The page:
Appaloosa Journal

JAN 2019

Appaloosa Journal is the official publication of the Appaloosa Horse Club, the international registry for the Appaloosa horse.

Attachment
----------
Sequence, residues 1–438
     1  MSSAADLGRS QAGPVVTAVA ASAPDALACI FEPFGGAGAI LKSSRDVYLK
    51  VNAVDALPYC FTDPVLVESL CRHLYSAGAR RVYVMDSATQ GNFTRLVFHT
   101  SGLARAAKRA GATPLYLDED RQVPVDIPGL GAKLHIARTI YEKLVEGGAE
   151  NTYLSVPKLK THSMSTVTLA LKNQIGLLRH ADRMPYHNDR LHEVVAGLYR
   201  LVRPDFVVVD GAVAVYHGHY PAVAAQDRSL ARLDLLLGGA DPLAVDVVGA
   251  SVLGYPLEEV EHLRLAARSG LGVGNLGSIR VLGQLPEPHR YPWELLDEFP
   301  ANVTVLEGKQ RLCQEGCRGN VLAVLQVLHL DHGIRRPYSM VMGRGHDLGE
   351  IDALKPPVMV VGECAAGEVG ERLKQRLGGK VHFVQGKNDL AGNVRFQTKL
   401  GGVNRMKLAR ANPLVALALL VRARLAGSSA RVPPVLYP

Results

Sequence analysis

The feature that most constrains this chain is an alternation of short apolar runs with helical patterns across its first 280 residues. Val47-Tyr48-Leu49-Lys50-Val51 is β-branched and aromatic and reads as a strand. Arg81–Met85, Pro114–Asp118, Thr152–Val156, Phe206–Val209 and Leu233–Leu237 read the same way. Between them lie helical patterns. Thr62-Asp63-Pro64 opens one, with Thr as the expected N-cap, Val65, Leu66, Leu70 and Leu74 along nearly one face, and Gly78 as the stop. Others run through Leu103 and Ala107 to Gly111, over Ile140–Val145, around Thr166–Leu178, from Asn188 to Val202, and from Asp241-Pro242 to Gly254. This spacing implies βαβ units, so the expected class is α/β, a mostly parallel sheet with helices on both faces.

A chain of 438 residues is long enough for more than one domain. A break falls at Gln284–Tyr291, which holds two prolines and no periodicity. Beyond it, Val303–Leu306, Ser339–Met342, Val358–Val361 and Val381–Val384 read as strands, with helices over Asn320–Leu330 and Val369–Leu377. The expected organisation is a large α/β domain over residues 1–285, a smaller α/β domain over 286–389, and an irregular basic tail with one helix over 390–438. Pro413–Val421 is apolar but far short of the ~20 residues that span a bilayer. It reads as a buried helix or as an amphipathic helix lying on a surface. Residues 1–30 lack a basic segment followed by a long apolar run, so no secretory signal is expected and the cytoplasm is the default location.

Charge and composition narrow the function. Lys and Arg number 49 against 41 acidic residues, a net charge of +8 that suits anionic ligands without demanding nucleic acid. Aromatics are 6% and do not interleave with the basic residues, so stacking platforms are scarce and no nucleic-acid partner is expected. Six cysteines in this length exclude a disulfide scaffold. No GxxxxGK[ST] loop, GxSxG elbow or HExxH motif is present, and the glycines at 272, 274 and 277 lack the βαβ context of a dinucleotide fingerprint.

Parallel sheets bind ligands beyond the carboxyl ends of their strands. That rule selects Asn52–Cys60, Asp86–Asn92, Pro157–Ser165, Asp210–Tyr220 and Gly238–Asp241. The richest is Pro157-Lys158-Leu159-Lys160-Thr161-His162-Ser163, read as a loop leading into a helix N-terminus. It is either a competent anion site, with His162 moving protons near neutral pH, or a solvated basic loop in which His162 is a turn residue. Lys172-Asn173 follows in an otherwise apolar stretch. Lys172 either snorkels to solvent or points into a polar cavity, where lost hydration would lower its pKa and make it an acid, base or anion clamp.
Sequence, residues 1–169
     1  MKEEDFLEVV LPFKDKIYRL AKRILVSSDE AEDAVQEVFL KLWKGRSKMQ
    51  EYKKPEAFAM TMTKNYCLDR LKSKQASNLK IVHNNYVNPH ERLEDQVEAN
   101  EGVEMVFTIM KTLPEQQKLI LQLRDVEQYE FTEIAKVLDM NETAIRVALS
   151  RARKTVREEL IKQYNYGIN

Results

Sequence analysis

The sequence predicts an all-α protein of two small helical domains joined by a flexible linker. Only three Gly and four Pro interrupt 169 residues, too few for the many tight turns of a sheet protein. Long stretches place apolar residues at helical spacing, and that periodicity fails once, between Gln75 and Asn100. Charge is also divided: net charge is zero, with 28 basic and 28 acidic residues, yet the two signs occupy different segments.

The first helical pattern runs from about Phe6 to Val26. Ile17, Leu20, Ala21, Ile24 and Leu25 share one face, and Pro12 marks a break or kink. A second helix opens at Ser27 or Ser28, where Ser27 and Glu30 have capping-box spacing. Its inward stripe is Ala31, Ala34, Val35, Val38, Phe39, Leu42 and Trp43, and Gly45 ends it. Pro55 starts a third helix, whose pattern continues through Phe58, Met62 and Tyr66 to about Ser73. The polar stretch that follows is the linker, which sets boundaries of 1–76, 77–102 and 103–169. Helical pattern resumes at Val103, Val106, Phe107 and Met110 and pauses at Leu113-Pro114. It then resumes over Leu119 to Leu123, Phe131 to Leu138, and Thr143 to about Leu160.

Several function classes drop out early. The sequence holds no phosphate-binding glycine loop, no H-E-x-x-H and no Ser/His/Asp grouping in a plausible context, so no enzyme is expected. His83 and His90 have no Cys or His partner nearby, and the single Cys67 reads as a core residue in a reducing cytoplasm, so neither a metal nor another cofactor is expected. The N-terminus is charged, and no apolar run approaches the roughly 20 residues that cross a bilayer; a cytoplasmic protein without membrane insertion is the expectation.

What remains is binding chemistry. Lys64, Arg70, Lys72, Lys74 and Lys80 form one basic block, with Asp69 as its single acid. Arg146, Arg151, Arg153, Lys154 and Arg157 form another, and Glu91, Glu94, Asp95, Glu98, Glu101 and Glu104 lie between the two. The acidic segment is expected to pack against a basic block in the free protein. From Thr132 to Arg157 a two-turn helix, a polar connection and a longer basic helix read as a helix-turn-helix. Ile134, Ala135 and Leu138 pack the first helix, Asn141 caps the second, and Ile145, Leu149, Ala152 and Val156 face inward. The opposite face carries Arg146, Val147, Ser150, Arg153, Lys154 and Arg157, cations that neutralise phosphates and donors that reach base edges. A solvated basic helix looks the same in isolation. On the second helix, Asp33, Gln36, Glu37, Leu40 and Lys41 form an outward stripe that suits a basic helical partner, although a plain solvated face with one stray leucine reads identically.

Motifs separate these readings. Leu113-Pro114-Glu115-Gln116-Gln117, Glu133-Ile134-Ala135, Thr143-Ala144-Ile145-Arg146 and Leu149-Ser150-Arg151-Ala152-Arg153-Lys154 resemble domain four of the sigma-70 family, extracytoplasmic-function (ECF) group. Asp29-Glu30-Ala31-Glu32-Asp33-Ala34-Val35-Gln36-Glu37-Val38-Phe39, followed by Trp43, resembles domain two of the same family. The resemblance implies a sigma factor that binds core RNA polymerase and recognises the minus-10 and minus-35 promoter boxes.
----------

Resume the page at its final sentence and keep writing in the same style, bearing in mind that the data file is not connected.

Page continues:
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farrier feature 16 Appaloosa Journal January 2019 T By Tabb Pigg he long debate of shod versus barefoot has yet to reign in for horse owners and hoof care professionals alike. However, proponents of either side can agree that the transition from shod to barefoot requires extra steps and precaution. Similar to how humans develop calluses after walking or running barefoot for long periods of time, horses also need to develop and build-up their hoof wall after shoe removal. When switching from shod to barefoot, it's important for horse owners and hoof care professionals to account for a transition period in their horses' hoof care regimens before jumping back into regular trimming cycles. Best Pra ctices f r the Tra nsiti n Phase Regardless of why horse owners switch their horses from shod to barefoot, it's crucial that with any change, they keep their horses happy and healthy. To accomplish this, horse own- ers and hoof care professionals should consider these prac- tices to help their horses remain comfortable when they make the switch: • Allow the foot to grow – When a farrier pulls a horseshoe off a foot, it is essential to remove as little of the hoof wall as possible. Light trimming allows the hoof wall to toughen and the sole to increase in depth to compensate for the lack of shoes. After the removal process, hoof care profession- als should minimize the use of tools, such as hoof picks, shoe pullers, rasps and nippers, as the healing process lasts anywhere from five-to-six weeks. Once the healing period concludes, farriers should only perform light knife work to remove sharp and frayed edges from a horse's hooves until the third trimming cycle. • Trim less foot – When a hoof care professional exercises regular trimming cycles, a horse's muscle memory follows a consistent pattern as every foot experiences similar trim- ming patterns. However, after pulling the shoes from a horse, the sole and length of the hoof wall require different trim- ming techniques. Less trimming supplements a thicker sole and enough hoof wall to suspend the coffin bone off the ground, which in turn protects a barefoot horse from discom- fort. If a horse's sole is too thin, the coffin bone presses down towards the ground and can be painful. H w t r tect Ba ref t H ves Similar to protecting the nailbed of a human, the internal hoof cavity requires further protection during the healing pro- cess of a newly barefoot horse. Pour-in pad materials, like Sole- Guard, help to increase sole depth and provide extra support as a horse makes the transition from shod to barefoot. Vettec's Sole-Guard is easy to apply, durable and commonly used as a protective layer. Sole-Guard is a fast-setting, liquid urethane pour-in pad material providing strong support that retains its shape and flexibility indefinitely. It is designed to use without shoes and adheres to the sole sealing out moisture and debris, protecting both the frog and the sole. Talk with your farrier or veterinarian about how you can make your horse comfortable when you transition from shod to barefoot, and how pour-in pad materials can be a helpful tool and provide them with extra support. Switch Making the from Shod to Barefoot

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